Sunday, November 01, 2009

Burgh Energy Report

The trend in the regional energy economy appears to be consolidating the base of operations in Pittsburgh. I doubt the news surprises anyone, but the headquarters migration is worth tracking. The latest is Fortuna Energy transferring from the Southern Tier of New York. Some background:

In March 2003, Fortuna became active in the Trenton-Black River natural gas scene when Talisman, based in Calgary, Alberta, spent $310 million for drilling rights to 420,000 acres in Schuyler, Chemung and Steuben counties.

The following year, Fortuna more than doubled its land leases by paying $65 million to acquire the rights to an additional 475,000 acres in the Southern Tier, Ohio, West Virginia and northern Pennsylvania.

Given the Marcellus play, the links between Pittsburgh and Calgary are intensifying. Thus, keeping an eye on the scene in Alberta can help with future casting:

With natural gas prices expected to slowly climb next year, there is a glimmer of hope in the latest oil and gas well drilling forecast.

"It's still pretty marginal, with the active drilling rig count increasing by four per cent next year and most of the increase coming in the second half of 2010," Nancy Malone, manager of economic analysis for the Canadian Association of Oilwell Drilling Contractors (CAODC), said Wednesday.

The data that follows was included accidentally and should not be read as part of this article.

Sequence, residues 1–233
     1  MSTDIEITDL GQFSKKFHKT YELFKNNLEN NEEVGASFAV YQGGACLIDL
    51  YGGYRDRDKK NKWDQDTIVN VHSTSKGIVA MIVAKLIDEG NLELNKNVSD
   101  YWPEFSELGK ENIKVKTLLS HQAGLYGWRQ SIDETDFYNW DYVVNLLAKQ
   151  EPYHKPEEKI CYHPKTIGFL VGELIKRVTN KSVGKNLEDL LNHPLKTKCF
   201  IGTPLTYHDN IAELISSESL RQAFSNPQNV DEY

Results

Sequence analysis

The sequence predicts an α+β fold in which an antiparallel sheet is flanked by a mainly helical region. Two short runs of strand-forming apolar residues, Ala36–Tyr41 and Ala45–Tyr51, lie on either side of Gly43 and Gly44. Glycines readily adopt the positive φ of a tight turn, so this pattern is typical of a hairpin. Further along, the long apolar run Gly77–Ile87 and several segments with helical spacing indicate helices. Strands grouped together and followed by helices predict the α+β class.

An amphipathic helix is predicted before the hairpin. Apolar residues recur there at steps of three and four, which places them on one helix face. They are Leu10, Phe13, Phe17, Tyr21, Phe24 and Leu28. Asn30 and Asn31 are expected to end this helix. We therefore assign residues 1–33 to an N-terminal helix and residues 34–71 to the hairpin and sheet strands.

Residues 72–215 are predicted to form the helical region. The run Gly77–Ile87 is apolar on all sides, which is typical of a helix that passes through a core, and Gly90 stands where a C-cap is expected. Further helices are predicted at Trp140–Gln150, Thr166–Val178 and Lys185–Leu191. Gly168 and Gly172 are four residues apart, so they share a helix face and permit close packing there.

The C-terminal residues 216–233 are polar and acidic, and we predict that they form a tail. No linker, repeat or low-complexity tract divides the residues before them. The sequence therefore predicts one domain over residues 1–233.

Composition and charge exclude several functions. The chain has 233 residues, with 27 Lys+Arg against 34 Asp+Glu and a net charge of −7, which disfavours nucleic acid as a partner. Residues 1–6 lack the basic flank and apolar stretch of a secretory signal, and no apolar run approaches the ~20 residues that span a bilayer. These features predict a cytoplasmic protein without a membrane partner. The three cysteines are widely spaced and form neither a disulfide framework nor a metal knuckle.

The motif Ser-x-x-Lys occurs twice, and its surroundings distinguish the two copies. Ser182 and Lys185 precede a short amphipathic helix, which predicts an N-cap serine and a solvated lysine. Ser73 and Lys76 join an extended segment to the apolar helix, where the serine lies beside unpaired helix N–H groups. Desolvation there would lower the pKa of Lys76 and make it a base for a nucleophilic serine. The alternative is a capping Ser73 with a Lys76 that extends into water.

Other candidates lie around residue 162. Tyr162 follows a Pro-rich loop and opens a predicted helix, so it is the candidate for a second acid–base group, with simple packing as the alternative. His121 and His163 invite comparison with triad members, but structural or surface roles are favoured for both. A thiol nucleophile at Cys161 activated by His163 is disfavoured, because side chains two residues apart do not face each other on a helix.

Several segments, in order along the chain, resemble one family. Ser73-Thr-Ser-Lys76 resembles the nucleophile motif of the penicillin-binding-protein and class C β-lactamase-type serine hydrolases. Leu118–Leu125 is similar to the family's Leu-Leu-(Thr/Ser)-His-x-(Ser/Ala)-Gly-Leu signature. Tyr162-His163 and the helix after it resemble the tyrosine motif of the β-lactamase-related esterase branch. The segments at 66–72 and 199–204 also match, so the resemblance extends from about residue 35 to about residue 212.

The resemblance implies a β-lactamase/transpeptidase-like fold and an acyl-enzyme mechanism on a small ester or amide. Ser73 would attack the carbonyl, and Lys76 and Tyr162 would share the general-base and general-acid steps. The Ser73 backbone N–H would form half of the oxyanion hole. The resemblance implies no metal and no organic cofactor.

This year, the industry was hammered as low gas prices forced a curtailment of drilling. The 209 rigs drilling a projected 8,278 wells in 2009 represent a fleet utilization rate of just 24 per cent. That rate is expected to climb to 27 per cent in 2010.

Keep in mind that relatively low natural gas prices benefit the Pittsburgh energy economy. Production costs are lower in the Marcellus Shale area. Pennsylvania is aiming to maintain that advantage:

The natural-gas industry's leaders and lobbyists beat back Rendell's proposal to tax gas as it is pulled to the surface from the rich black-rock reservoir known as the Marcellus Shale.

So, as drilling rigs are sprouting in the state's northern tier and southwestern corner, the gas those rigs are extracting still isn't taxed. That makes Pennsylvania unique among the 15 states that produce the most natural gas.

What's more, the industry persuaded Harrisburg to lease more public land to gas drillers - even as the state's budget for environmental protection was being sharply cut.

What happened to Rendell's gas-tax proposal?

He says the industry made good arguments for staving it off. He did not want to slow the "gold rush," as he called it, of jobs and commerce the drillers would bring.

Policymakers would be wise to help residents see the connection between natural gas jobs and clean energy jobs. The more talent in this economic sector clustering in Pittsburgh, the better. Still, all signs are pointing to a huge labor shortage in the near term.

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